(Bloomberg) — Chinese stocks listed in Hong Kong had their worst day since the global financial crisis, as concerns over Beijing’s close relationship with Russia and renewed regulatory risks sparked panic selling.
The Hang Seng China Enterprises Index closed down 7.2% on Monday, the biggest drop since November 2008. The Hang Sang Tech Index tumbled 11% in its worst decline since the gauge was launched in July 2020, wiping out $2.1 trillion in value since a year-earlier peak.
The broad selling follows a report citing U.S. officials that Russia has asked China for military assistance for its war in Ukraine. Even as Chinese authorities denied the report, traders still worry that Beijing’s potential overture toward Vladimir Putin could bring a global backlash against Chinese firms, even sanctions.
That comes on top of a spate of regulatory worries. Tencent Holdings Ltd. is reportedly facing a possible record fine for violations of anti money-laundering rules, which pushed the stock down nearly 10% on Monday. There’s also a risk of Chinese firms delisting from the U.S., as the Securities and Exchange Commission identified some names as part of a crackdown on foreign firms that refuse to open their books to U.S. regulators.
“If the U.S. decides to impose sanctions on China in total or on individual Chinese companies doing business with Russia, that would be a concern,” said Mark Mobius, who set up Mobius Capital Partners after more than three decades at Franklin Templeton Investments. “The whole story is still up in the air in this case.”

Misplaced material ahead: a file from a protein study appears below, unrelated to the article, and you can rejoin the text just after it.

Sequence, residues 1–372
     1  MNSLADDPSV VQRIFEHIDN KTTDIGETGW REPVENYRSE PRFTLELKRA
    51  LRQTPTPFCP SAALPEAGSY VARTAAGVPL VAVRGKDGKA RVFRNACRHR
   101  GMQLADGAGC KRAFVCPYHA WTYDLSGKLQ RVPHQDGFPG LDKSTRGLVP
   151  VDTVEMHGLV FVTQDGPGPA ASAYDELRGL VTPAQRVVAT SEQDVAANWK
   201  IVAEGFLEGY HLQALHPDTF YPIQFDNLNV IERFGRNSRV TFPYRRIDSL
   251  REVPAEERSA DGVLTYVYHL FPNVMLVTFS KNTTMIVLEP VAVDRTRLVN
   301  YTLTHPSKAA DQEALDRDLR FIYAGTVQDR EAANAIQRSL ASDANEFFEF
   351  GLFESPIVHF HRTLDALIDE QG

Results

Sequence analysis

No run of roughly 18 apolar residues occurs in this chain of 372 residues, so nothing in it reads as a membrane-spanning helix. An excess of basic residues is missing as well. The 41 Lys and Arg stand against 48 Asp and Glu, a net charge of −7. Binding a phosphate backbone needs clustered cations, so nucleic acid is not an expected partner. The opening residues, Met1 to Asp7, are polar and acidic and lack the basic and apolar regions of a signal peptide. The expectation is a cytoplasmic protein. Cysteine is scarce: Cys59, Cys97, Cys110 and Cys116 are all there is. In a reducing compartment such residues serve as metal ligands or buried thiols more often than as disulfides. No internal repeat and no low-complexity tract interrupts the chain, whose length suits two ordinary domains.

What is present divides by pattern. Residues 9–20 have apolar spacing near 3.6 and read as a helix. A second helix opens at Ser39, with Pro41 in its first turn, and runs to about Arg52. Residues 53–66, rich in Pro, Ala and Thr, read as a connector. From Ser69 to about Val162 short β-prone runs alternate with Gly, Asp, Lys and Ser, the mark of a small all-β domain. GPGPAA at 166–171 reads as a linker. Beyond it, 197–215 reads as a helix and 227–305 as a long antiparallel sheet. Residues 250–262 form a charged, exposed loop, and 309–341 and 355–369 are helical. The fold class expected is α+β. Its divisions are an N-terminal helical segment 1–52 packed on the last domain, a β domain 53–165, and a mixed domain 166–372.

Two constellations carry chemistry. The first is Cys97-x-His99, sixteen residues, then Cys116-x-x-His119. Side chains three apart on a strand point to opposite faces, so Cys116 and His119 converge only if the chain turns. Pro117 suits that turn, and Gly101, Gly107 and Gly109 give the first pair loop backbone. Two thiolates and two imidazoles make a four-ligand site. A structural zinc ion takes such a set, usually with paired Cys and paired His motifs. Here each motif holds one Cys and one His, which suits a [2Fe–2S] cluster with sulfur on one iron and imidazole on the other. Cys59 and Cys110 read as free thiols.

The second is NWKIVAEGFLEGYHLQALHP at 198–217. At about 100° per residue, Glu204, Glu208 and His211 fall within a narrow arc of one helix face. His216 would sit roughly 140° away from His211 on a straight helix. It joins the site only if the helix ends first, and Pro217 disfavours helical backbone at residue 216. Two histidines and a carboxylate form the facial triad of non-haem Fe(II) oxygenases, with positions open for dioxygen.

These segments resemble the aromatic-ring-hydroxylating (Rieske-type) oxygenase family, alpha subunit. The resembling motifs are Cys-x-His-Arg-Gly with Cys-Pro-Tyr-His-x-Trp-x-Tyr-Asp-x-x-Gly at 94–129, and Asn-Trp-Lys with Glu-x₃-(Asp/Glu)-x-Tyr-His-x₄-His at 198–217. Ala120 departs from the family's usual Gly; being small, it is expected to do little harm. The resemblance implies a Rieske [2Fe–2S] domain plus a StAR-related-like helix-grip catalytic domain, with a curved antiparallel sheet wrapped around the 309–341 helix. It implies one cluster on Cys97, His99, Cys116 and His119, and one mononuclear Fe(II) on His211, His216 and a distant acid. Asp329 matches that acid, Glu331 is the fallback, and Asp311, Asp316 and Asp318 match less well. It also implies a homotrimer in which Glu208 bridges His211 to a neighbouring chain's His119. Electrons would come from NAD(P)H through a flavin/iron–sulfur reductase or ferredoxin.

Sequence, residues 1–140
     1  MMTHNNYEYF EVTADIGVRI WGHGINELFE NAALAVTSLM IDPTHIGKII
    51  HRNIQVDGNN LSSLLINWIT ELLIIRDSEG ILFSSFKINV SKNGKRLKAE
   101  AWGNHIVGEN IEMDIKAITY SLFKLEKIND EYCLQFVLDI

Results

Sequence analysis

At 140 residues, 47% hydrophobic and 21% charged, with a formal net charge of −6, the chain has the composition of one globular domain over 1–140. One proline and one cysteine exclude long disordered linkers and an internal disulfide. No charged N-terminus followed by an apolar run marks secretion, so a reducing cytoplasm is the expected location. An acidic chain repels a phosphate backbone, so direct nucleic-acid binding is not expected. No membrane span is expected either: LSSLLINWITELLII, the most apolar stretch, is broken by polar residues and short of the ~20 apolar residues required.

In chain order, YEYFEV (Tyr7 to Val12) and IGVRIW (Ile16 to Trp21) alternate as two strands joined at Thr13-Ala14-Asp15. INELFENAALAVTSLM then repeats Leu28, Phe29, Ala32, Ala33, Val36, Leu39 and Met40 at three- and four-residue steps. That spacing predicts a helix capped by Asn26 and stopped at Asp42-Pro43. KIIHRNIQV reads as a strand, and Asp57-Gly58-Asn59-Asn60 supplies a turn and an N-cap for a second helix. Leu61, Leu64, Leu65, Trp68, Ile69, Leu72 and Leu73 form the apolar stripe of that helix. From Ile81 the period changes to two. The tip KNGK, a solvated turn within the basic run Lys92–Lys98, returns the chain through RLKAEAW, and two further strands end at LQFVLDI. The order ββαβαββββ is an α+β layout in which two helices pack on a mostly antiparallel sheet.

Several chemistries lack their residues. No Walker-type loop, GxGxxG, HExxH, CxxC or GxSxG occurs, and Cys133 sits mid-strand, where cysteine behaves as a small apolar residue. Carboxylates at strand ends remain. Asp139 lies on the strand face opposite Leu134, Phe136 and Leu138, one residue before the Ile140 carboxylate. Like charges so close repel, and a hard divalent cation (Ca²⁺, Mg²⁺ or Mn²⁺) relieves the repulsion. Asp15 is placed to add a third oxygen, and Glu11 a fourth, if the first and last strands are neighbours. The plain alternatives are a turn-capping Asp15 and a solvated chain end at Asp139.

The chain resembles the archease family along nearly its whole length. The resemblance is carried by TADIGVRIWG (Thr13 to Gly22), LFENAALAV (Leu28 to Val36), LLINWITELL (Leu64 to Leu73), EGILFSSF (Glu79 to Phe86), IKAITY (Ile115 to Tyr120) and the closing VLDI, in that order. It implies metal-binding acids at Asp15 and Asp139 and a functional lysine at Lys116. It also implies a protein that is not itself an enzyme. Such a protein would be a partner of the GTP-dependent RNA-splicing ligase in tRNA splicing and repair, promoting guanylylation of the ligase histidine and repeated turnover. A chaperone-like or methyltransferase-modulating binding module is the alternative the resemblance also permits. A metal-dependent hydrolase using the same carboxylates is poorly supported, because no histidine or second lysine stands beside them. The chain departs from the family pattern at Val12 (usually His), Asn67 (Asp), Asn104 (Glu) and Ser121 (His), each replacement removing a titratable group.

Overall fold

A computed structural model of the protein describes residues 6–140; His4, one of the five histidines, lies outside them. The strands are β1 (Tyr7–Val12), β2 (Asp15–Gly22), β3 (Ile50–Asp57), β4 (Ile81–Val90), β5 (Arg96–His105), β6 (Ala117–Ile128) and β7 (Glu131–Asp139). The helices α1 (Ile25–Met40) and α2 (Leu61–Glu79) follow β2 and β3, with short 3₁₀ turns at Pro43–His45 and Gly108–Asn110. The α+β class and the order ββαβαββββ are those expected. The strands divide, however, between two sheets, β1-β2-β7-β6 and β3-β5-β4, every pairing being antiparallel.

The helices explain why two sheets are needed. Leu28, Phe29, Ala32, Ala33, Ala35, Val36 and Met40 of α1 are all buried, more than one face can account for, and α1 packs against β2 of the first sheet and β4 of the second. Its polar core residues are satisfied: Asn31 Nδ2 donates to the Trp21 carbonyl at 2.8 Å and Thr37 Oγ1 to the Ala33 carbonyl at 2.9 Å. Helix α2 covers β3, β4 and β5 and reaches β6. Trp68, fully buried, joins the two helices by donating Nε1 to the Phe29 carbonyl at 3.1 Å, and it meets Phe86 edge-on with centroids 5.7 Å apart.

Also weighing on China stocks are Covid-induced lockdowns in tech hub Shenzhen and northern province of Jilin that are clouding earnings outlook. The overall sentiment in the investment landscape is jittery, with several big-name funds reporting significant losses related to Russia. BlackRock Inc.’s funds exposed to Russia have plunged by $17 billion since the war began.
The Golden Dragon Index, which tracks American depository receipts of Chinese firms, plunged 10% on two consecutive days last week — something that’s never happened before in its 22-year history.
China’s mainland benchmark CSI 300 index closed 3.1% lower. The onshore yuan also fell to its weakest in a month as sentiment toward Chinese assets turned sour.
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“We don’t see a major catalyst in the near term,” to help China stocks, though earnings results may create some share price volatility, said Marvin Chen, a strategist at Bloomberg Intelligence. “For a material re-rating of China tech, we may need to see a shift in regulatory tone, and we didn’t get that from the recently concluded NPC meeting.”
Even amid the rout, mainland traders have continued to snap up Hong Kong stocks, though that’s proving insufficient to buttress share prices. They have been net buying Hong Kong equities via the stock connect in every session since Feb. 22, loading up $1 billion on Monday, the most since January.
The historic slide in tech stocks is baffling China bulls, the number of which had grown this year as strategists bet on a rebound thanks to policy easing by the People’s Bank of China.
Goldman Sachs Group Inc. strategists toned down their optimism slightly on China stocks, slashing their valuation estimates for the MSCI China Index.
“We stay overweight China on well-anchored growth expectations/targets, easing policy, depressed valuations/sentiment, and low investor positioning,” but lower our 12-month valuation target from 14.5 times to 12 times on changes in the global macro environment and higher geopolitical risks, strategists including Kinger Lau wrote in note dated Monday.
The MSCI China Index has seen its valuation more than halve from a Feb. 2021 peak. The gauge is trading at about 9 times its 12-month forward earnings estimates, versus a five-year average of 12.6.
“It’s true that the valuation is cheap but if you are desperately closing your positions, valuations don’t matter,” said Yasutada Suzuki, head of emerging market investments at Sumitomo Mitsui Bank.